The significance of these findings is immense. Nearly half of the work carried out by the 870 contractors licensed by the HSE (most of them members of Arca, the Asbestos Removal Contractors Association) is concerned with white asbestos cement or Artex. The latter, a plaster containing minute amounts of white asbestos, is used in millions of homes and, by law, can only be handled by licensed contractors.

Evidence compiled by Asbestos Watchdog (an organisation set up following earlier reports in this column, to which thousands of Telegraph readers responded) shows the frightening extent to which contractors and surveyors are exploiting the officially-promoted confusion over asbestos, both by overcharging and by misleading businesses and homeowners as to whether work is actually required, either by law or for safety.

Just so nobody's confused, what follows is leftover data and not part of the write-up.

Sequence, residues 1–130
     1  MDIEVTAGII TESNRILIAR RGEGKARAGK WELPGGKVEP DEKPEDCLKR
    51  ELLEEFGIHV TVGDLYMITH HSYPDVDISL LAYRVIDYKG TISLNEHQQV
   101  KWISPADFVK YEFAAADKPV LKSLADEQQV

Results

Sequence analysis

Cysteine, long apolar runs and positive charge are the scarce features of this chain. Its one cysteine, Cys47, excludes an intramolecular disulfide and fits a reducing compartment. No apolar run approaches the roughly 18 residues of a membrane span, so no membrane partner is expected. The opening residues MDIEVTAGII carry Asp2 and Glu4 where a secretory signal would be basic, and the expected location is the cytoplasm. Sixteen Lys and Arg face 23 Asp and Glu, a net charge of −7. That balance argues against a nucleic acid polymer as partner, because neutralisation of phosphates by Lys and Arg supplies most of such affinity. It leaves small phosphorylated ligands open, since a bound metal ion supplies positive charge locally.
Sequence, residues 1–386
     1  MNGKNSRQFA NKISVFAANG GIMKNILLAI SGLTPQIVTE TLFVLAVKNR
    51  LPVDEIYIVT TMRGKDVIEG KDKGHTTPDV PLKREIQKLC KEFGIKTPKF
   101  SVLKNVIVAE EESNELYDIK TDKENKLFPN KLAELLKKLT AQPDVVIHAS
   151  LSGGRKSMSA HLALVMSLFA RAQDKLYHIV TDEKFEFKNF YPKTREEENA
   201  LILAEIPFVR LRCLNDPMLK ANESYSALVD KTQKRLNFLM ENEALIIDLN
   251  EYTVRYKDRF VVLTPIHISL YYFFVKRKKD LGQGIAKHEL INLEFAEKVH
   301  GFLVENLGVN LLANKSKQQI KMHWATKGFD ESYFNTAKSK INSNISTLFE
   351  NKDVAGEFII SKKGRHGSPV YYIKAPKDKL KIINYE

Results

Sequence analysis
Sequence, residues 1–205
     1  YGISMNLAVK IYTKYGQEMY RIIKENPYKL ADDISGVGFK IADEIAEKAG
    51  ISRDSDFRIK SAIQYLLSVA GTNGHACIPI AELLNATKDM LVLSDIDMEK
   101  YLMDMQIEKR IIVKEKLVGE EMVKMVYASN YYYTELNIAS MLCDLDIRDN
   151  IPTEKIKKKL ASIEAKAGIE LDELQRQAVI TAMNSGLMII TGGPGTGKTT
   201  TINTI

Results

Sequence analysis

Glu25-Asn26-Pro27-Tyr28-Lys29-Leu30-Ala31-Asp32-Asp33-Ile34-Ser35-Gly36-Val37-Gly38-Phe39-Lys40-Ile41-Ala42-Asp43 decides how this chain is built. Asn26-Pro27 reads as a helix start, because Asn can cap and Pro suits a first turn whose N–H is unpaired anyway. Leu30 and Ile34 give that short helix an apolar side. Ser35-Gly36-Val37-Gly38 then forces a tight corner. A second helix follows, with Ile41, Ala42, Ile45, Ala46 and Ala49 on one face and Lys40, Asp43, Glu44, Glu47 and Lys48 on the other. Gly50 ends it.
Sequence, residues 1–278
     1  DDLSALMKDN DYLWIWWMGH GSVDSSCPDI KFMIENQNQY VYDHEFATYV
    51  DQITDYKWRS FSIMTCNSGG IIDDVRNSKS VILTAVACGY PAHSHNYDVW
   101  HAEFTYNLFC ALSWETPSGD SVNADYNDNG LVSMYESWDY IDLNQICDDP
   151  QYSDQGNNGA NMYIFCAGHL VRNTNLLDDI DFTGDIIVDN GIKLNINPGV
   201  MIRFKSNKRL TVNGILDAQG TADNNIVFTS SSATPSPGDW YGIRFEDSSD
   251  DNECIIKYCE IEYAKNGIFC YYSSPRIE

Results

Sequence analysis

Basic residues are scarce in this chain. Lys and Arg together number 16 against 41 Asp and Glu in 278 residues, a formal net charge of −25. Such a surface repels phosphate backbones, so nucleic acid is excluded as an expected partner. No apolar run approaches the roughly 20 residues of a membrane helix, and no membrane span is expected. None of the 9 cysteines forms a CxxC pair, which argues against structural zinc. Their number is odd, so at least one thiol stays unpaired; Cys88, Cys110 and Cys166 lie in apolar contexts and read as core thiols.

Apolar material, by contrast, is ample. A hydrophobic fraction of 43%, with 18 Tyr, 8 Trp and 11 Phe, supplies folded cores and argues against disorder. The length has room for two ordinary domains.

The problem is illustrated on a small scale by the nightmare facing the small Berkshire village of Basildon. Last week the villagers learned that they face a bill of 4,500 for the removal of a small amount of Artex from their village hall. Yet even the HSE admits that Artex may soon have to be taken out of the legislation, because any release of asbestos fibres is too infinitesimal to be measured.

At the other end of the scale, the Irish Health and Safety Authority (the equivalent of the HSE) is insisting that, under EC law, a huge regeneration scheme on the Ballymun flats in Dublin cannot go ahead until Artex has been removed. The mind-boggling cost of this - 80 million - is making front-page headlines in Ireland.